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Archive for March 25th, 2014

Marines demonstrate Corps tactics, principles

Introduction and an Illustration

Before I develop the point of my post on apologetics’ tactics, let me begin with a physical illustration (pun intended).  Before I was a Pastor I’ve spent some time around men who are incredible warriors and fighters (although I’m not really a physical fighter myself ).  The US Marines have a saying: “One mind, one weapon.”    You will be amazed at how good fighters put quite a bit of thought into their training and actual fighting–and one man I know described it excitedly as a game of chess in light of your opponent’s intelligence and ability.  Serious fighters realize that training someone to be a skillful fighter is more than memorization of a few move–it involves the whole mind, a mind that wisely know which moves to employ at any given situation; and at times, the wisdom of not doing anything.  Although I stress the mind, that is not to say that learning tactical moves are not important–in fact a lethal warrior mind that learn some new moves will find a way to incorporate it into the way they think and become a part of who they are in terms of practically deal with an opponent.  And sometimes the simple move goes a long way.

My favorite move from the Marines is rather simple; it’s called the Iron bar take down.

marine iron bar take down

One might laugh at how it’s doesn’t even look like a Ninja move.  You simply grab the guy’s wrist with one hand while using the other hand to grab their upper arm so you can force them to the ground.  I have spent some time thinking about this move.  Since I’m a much smaller guy I like to throw my whole hip when I execute the movement in a spiraling descending direction to get the momentum from my body as additional force.  The key is to do it quickly.  Like I said, it’s not a move you’ll see in the movies because it doesn’t look Ninja-cool.  But it has helped me in the Marines and later as security for Hollywood’s red carpet events (Hollywood has its shares of weirdos).   Again, sometimes the simple move goes a long way.

I believe the same is true with apologetics’ tactics.

Unger Who?

Those who frequent Veritas Domain might be familiar with Lyndon Unger.  Mr. Unger is a Calvinistic Dispensational Presuppositionalist.  He blogs on WordPress under the name MennoKnight and is a regular contributor at The Cripple Gate.   John MacArthur has also mentioned his research.  Before he became (in)famous(?), Lyndon once shared with me a good and simple apologetics tactic.  I’ll call it the “Unger Move.”  Again, it’s not a complicated karate chop but remember, sometimes the simple move goes a long way.

The Unger Move

Those engage in apologetics for any length of time will inevitably run into those who says, “There are too many evidence for _______,” or “There are too many reasons against _____________.”  Typically conversations with such individuals also include them throwing out objections after objections against Christianity.  They might go on so long with their ranting, you are not given  time for a rebuttal–or if you do disarm one objection, they go ahead to offer another objection followed by another, etc.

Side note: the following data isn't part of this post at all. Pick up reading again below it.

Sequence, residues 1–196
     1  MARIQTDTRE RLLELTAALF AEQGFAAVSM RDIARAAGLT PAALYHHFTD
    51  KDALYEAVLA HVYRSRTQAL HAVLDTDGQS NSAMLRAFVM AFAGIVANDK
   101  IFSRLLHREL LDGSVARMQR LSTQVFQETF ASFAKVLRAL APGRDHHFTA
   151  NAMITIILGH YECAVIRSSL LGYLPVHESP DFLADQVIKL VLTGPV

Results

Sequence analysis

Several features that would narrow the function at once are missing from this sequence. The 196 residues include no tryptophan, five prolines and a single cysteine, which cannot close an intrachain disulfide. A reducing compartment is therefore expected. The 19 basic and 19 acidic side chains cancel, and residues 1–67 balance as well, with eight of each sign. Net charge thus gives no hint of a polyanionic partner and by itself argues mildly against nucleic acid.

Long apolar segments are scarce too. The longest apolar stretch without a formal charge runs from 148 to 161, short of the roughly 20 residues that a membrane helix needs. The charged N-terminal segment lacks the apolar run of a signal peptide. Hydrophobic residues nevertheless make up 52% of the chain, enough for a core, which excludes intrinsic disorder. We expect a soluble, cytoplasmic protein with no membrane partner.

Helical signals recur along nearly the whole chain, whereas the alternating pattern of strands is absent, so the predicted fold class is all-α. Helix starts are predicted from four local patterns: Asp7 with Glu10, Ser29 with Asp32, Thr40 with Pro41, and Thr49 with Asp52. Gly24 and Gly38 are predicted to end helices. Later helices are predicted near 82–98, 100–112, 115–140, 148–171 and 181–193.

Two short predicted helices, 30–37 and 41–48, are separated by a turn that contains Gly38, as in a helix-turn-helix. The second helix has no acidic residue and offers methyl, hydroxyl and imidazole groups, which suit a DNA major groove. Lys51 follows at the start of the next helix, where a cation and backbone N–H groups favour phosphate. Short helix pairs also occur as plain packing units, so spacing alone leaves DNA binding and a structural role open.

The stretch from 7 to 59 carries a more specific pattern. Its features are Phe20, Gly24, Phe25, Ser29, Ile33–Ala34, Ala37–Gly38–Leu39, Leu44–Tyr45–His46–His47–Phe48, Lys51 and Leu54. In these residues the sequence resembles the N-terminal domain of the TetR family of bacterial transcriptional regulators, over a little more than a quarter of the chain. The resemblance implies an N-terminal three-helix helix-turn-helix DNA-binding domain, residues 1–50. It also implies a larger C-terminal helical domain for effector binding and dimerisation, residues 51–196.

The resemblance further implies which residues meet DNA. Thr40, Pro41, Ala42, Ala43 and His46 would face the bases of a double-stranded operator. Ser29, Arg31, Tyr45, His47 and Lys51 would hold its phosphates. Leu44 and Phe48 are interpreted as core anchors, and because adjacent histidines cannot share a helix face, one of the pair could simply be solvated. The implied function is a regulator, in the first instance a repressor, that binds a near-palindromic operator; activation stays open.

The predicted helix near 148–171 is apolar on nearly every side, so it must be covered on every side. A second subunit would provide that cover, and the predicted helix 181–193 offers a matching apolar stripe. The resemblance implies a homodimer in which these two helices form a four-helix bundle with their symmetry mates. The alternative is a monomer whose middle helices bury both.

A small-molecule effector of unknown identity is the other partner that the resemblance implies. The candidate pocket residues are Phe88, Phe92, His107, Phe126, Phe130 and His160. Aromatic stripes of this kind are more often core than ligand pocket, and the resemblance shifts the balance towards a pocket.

As Calvinists, we must acknowledge the Biblical truth that nonbelievers will suppress the truth and will keep on doing so, since Romans 1:18-19 states:

For the wrath of God is revealed from heaven against all ungodliness and unrighteousness of men who suppress the truth [l]in unrighteousness, 19 because that which is known about God is evident[m]within them; for God made it evident to them.

Yet we must also acknowledge that God wants us to refute error as 2 Corinthians 10:5 exhort:

We are destroying speculations and every lofty thing raised up against the knowledge of God, and we are taking every thought captive to the obedience of Christ,

While also realizing that if someone were to ever convert and be saved, the Gospel needs to be shared in the apologetic dialogue.

How does one deal with such a conversation and be faithful to all three of these Biblical truths?

  1. Set the Ground rule
    1. Tell the individual since there are too many reasons/objections they are giving, ask that they limit their presentation to their TOP reason/objection/argument.
      1. Explain the rationale:  Best use of time.
      2. Explain the rationale:  Present their best one, because if their top argument “works,” they have already establish their perspective is rational.  Other argument, if there is merit to them, will confirm it.
      3. Explain the rationale:  Present their best one, because if their top argument fail, then the other arguments/objection/reason by their own admission presents a weaker case.  If the best reason presented is unconvincing, the lesser reasons will be even less convincing.
    2. Tell the individual that after their TOP reason is given, you should share whether or not there is merit to their case.
      1. Explain the rationale:  Fairness of both individuals speak in the conversation.
      2. Explain the rationale:  Just because someone says an argument is reasonable doesn’t mean it is; we need to scrutinize it.
  2. Let the individual share their TOP argument.
    1. Listen carefully.
    2. Rationale: For true understanding of the other person’s view so as to love them and not misrepresent them.
  3. Refute it.
    1. Bring Presuppositional apologetics to bear.
    2. Rationale: Don’t get lost in trails with the particular details (they do have it’s place), but remember the bigger picture of worldview analysis.
  4. Present the Gospel
    1. Be Biblical in the Gospel presentation.
    2. Rationale: Only the Gospel will save sinners and soften harden hearts.
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